The internet is an arena of human aspirations. From CEOs and government authorities to amateur journalists and hackers, people of all walks of life in try to achieve their own goals while encountering obstacles posed by others in cyberspace. Two apparent battles, since the birth of the internet, highlight significant debates within our information society. Mainstream media is fighting the rising forces of culture jammers and indy media personnel, in which average individuals are contesting the popularity of mainstream platforms and competing against of big internet platforms (Google, Facebook, etc.), while a larger, more ambiguous battle is taking place between public (who prioritize public goods) and private sectors (who prioritize revenue and growth).
The internet is a decentralized place for communication, and it is thus not surprising that online mainstream media is not really mainstream. Remixes, rising music sales outside of popular categories, and amateur artists populate cyberspace, and this phenomenon of defying the mainstream is called culture jamming. Culture jammers come in all shapes; they either utilize little resources and thus make small impacts online to veer audiences away from mainstream material, or dedicate a lot of effort to interfere with mainstream sources (through parodies, collaborations, talking to large target audiences, etc.) Allies of culture jammers are indy media personnel; these individuals pool their resources to establish amateur journalism sources and amateur news distribution. Huffington Post, The Onion, and NowPublic were first start as indy media outlets. Indy news is responsible for providing different perspectives on current events compared to mainstream news outlets (CNN, New York Times, whitehouse.gov, etc.) and thus challenges the authority of mainstream news sources. Despite centralized corporations leading the future of the internet’s infrastructure, all kinds of individuals are given the chance to speak their own words and thus lower the impact of mainstream media. Today, as this activity continues, the word “mainstream” has become relative towards everyone. Relativity within the “mainstream” would have never been imagined before the birth of the internet. After all, the very first users of the internet envisioned it as a place of decentralized expression, regardless of your socioeconomic status. To counter the costs of a decentralized cyberspace, businesses and government alike have changed regulations and practices to appropriately fit their influence into the online world. These adaptations are successful in many regards; however, culture jammers and indy media personnel, to name a few groups of people who are diverging from what is considered mainstream media, are lowering the influences of popular culture.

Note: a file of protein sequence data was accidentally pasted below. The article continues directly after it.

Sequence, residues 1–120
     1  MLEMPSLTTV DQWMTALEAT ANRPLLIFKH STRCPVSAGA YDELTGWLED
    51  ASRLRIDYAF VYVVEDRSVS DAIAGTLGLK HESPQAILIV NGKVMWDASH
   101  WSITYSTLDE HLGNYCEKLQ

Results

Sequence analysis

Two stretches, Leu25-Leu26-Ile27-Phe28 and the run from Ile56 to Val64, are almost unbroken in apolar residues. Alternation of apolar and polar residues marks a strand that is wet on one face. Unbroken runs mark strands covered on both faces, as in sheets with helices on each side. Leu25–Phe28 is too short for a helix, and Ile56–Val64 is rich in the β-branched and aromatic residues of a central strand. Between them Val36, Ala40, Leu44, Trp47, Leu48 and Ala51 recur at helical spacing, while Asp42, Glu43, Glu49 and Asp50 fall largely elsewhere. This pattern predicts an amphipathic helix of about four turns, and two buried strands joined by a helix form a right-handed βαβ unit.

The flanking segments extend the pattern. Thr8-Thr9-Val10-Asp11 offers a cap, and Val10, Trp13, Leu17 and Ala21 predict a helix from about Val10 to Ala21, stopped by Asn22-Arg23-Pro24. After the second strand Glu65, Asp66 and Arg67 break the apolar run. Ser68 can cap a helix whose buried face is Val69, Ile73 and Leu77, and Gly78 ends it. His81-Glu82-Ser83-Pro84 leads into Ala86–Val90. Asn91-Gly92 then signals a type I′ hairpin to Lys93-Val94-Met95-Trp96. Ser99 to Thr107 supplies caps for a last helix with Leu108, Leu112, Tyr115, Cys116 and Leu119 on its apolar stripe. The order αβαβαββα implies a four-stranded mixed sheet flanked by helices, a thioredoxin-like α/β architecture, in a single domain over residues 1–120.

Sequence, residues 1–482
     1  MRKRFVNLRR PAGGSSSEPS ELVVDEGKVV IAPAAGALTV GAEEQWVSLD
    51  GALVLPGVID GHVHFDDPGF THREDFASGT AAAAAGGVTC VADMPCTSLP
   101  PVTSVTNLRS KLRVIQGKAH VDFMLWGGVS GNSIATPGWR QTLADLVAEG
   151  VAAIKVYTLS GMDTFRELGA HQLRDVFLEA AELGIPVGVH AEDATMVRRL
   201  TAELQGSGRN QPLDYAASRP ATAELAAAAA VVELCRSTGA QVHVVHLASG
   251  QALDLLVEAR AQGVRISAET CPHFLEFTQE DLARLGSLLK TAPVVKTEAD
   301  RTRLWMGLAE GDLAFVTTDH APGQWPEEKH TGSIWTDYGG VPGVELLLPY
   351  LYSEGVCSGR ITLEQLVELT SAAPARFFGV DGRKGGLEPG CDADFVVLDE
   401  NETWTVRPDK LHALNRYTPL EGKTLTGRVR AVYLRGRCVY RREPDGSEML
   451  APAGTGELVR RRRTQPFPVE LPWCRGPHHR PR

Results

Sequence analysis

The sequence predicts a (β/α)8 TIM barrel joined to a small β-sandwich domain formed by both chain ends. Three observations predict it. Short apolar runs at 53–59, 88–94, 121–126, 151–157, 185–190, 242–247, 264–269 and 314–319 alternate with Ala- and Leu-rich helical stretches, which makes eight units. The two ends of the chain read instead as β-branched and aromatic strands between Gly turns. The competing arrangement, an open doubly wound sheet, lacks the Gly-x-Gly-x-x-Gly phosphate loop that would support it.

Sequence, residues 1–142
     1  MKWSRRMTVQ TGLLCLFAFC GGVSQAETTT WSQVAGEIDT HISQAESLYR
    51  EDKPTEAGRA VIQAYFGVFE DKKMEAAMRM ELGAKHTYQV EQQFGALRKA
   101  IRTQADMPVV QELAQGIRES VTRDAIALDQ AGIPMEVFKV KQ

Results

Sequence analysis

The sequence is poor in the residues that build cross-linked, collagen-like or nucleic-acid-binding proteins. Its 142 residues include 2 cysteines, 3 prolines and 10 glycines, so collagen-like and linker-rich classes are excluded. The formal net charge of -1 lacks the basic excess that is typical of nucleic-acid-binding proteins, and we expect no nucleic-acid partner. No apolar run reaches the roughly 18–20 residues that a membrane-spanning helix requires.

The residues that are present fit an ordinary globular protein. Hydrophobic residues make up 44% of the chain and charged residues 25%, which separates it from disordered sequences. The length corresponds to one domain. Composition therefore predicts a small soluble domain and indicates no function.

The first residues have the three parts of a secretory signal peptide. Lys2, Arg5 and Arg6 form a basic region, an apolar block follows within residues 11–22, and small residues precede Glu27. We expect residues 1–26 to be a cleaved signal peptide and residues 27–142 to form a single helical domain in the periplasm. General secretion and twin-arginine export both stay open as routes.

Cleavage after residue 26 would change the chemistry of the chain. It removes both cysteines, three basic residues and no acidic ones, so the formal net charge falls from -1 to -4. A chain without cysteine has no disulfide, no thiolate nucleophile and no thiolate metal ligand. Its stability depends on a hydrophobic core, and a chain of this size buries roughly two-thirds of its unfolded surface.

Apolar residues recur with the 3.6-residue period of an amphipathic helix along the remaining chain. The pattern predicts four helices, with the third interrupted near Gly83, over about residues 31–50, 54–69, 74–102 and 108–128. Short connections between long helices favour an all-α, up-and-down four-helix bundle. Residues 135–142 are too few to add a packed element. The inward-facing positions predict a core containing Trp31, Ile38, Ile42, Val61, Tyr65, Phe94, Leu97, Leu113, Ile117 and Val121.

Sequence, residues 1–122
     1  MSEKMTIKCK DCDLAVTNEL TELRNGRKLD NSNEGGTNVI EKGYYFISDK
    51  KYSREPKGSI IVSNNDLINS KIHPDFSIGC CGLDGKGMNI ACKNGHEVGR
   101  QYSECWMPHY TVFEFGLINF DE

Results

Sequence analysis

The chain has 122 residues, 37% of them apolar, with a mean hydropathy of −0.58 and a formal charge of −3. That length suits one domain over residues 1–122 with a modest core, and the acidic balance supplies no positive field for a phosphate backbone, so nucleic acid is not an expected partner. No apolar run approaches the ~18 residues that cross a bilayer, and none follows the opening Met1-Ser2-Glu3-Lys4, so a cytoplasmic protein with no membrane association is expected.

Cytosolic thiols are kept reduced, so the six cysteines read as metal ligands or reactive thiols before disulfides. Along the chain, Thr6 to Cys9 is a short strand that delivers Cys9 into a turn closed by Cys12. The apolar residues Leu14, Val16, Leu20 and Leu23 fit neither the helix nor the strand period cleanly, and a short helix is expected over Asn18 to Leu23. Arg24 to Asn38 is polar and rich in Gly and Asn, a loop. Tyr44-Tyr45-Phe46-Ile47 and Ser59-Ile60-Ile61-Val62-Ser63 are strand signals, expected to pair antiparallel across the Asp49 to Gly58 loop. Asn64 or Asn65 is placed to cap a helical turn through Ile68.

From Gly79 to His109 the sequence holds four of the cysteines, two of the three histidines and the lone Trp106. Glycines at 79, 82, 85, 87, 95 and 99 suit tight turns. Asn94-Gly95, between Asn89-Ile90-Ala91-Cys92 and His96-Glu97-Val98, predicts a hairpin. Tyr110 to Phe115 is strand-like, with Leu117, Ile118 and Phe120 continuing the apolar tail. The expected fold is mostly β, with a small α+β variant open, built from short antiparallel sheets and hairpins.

The internet is seen by many individuals today as a potential public good, and thus the public sector, in order to ensure economic fairness, information credibility, and user security, should be the sole provider of most, or all, internet features. Economists, however, argue that the internet is a beneficial aspect to add to a national market, and thus must be populated with private sector entities. Problems with the private sector across all boundaries include ambiguous credibility, unfair pricing, unfair opportunity, and unbalanced market forces (supply and demand, regulation loopholes, etc.). Indeed, the internet reflects such problems characteristic of private sector-heavy economies. For example, democratic ideals of the internet are being shattered by the confusing functions of search engines. It is now known that search engines index and rank websites based on subjective criteria, which means one must abide by the rules of the privately run search engines to run businesses, distribute advertisements, and spread information on certain issues. Ultimately, the question for both sides of the argument revolves around similar public policy questions being asked in real life. Although the internet is home to decentralized communication systems, there exists a power class in the online world, in which this class is run by private agendas and not the agendas of the people. The internet was designed to be for the people; if it starts to deviate from the people, then activists would inevitably ask the public sector to monitor the power abuses of online private mechanisms.
The internet can be described as two war fronts – mainstream versus culture jammers and indy media outlets coupled with the age old private versus public conflict. Each side believes that their agenda is more valuable than the other. We are now enveloped by debates trying to figure out which side yields the most beneficial results for humanity. Different people have different goals, and it is hard to prioritize which goals are more deserving to be achieved.